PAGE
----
Ophthotech is gaining access to emerging, cutting-edge AAV treatments through academic partnerships. It is collaborating with scientists at the University of Florida and University of Pennsylvania to advance a gene knockdown and replacement therapy for patients with autosomal dominant retinitis pigmentosa (adRP) caused by mutations in the gene rhodopsin (RHO). Earlier research for this program was funded by the Foundation Fighting Blindness. A recent paper in the journal Proceedings of the National Academy of Sciences highlights the success of the Florida-Penn team in canine studies of the RHO gene therapy. The company is planning to launch a clinical trial for RHO gene therapy in 2020.
Ophthotech also recently formed a partnership with the University of Massachusetts Medical School for developing gene therapies that deliver smaller versions of the genes for CEP290 (for LCA) and ABCA4 (for Stargardt disease) å_ genes that are otherwise too large for existing AAV delivery systems.
"Our expertise is clinical development and its timely execution," says Dr. Rezaei "Our strategy is to collaborate with universities and companies who have very strong science, and use that science with our clinical expertise to develop novel therapies. Our team has significant ophthalmic drug development experience and deep relationships with global ophthalmology thought leaders. We have an extensive network of clinical trial sites in ophthalmology, having worked with over 250 sites worldwide."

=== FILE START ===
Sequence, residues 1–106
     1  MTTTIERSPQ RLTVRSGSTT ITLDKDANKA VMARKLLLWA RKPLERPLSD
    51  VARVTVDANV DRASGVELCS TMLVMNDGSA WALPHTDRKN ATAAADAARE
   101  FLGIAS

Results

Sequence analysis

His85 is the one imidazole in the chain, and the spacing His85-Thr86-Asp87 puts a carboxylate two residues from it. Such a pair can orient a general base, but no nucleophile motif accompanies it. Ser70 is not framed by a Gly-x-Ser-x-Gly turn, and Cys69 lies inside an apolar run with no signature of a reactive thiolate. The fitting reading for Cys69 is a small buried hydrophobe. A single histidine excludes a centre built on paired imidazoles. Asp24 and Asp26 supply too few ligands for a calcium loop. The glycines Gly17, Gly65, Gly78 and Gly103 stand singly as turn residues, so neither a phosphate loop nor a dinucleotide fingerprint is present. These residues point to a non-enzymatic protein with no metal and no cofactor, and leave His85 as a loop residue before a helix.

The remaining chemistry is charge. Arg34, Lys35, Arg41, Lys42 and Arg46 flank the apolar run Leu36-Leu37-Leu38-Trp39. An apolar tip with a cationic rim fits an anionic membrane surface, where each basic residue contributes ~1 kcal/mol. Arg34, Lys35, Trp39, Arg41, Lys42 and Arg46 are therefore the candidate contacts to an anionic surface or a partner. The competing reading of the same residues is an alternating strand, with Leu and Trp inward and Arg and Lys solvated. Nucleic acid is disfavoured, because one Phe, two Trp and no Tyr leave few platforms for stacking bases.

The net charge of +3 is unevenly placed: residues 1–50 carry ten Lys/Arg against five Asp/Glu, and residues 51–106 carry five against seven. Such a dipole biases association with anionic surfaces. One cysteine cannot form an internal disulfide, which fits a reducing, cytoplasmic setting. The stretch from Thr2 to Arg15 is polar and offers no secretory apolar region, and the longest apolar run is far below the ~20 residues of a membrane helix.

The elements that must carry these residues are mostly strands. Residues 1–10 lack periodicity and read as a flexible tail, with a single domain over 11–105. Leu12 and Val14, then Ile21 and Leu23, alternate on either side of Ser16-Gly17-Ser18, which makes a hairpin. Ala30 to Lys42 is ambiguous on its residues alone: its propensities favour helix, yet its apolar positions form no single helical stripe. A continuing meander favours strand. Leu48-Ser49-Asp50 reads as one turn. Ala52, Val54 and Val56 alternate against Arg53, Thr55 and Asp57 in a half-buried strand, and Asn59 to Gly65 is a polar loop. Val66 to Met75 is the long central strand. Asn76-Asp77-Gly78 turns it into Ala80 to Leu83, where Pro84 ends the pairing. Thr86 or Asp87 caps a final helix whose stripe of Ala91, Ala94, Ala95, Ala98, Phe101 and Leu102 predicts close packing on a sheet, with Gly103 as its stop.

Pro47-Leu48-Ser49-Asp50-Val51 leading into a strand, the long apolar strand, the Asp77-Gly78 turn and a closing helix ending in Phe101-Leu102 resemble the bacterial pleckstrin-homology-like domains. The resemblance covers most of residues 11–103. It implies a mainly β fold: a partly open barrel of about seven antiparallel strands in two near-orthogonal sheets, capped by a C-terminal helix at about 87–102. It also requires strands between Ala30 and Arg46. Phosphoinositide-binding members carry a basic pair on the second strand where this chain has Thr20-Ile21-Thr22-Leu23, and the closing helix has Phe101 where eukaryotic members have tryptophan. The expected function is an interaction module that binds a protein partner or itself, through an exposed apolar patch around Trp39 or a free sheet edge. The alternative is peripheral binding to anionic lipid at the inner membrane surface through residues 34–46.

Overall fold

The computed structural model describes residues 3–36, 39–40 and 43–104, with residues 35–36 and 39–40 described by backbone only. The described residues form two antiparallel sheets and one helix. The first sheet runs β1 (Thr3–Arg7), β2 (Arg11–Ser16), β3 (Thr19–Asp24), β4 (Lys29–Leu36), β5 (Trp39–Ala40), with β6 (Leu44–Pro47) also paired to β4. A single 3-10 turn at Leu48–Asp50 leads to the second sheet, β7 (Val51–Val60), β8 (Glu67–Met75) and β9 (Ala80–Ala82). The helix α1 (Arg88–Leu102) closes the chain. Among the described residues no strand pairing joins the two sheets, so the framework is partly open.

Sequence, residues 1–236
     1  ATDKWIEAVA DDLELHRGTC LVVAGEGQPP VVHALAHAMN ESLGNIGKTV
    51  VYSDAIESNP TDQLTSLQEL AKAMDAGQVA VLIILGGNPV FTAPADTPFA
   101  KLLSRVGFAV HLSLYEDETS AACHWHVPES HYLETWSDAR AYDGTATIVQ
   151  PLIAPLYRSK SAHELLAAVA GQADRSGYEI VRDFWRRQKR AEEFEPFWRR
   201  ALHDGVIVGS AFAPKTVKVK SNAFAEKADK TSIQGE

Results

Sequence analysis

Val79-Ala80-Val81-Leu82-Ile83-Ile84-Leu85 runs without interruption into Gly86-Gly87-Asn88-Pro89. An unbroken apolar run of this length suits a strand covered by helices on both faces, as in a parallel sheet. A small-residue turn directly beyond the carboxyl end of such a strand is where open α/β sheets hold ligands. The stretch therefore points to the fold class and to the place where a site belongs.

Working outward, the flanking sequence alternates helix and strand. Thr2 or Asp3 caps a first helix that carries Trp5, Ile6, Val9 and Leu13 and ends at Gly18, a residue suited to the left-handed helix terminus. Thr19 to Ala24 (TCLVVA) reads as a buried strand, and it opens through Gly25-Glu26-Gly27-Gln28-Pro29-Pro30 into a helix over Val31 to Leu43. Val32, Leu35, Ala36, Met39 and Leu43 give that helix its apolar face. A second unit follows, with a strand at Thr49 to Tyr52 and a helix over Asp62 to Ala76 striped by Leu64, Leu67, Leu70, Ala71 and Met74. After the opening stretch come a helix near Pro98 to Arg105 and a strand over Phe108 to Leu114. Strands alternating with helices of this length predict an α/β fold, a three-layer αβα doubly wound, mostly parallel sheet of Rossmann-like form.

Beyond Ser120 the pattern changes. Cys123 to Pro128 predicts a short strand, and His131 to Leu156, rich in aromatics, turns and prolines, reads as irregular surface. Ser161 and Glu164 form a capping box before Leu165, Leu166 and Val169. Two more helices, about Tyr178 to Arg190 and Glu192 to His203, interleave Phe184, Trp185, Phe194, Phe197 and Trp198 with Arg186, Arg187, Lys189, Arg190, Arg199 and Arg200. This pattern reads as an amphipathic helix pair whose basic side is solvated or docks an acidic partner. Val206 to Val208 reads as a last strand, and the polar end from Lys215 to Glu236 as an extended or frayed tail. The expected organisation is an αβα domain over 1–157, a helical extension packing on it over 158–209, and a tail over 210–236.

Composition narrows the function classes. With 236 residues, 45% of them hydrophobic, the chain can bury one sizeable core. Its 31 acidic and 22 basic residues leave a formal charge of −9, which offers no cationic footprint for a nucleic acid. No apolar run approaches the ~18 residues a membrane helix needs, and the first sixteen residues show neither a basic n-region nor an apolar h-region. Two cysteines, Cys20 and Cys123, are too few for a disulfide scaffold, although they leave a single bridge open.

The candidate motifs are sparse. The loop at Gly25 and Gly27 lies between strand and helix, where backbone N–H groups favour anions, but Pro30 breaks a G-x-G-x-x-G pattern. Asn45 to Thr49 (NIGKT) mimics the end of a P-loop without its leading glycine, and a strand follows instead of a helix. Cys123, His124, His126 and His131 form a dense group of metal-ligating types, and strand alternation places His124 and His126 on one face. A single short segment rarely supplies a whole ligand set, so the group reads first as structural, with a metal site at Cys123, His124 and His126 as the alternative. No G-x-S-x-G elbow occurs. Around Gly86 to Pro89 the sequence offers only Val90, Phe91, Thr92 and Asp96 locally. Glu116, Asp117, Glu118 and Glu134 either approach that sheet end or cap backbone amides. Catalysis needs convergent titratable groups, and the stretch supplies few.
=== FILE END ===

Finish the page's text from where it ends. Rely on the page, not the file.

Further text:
Ophthotech also has other clinical trials underway for Zimura®, the company's product candidate that is designed to target and inhibit complement factor C5. While the complement system plays a critical role in fighting off infection and pathogens, it is implicated in accelerating the progression of certain retinal diseases when not properly modulated. The company's Zimura clinical trials for people with Stargardt disease, as well as dry and wet forms of AMD are all in Phase II.
The Foundation Fighting Blindness has been a valuable resource for the Zimura clinical trial for Stargardt disease by providing access to natural history data from its ProgStar study, and patient information from www.MyRetinaTracker.org, the Foundation's global patient registry. If you or someone you know are interested in participating in this clinical trial evaluating Zimura for the potential treatment of Stargardt disease, please call 1-833-STGD1-OP (833-784-3167). Information on all Zimura clinical trials can be found at www.clinicaltrials.gov.
"When we design a clinical trial, we need to know the natural history of the disease, the patients who could potentially be helped the most, and the optimal endpoints for the trial to determine if a treatment is working. These factors may ultimately determine the success of the clinical trial," says Dr. Rezaei. "With ProgStar, the largest natural history study ever done in patients with Stargardt disease, we were able to use the study results to help design our clinical trial. If the Foundation had not been there, it would have been more difficult, and may not have even been feasible, to design our trial."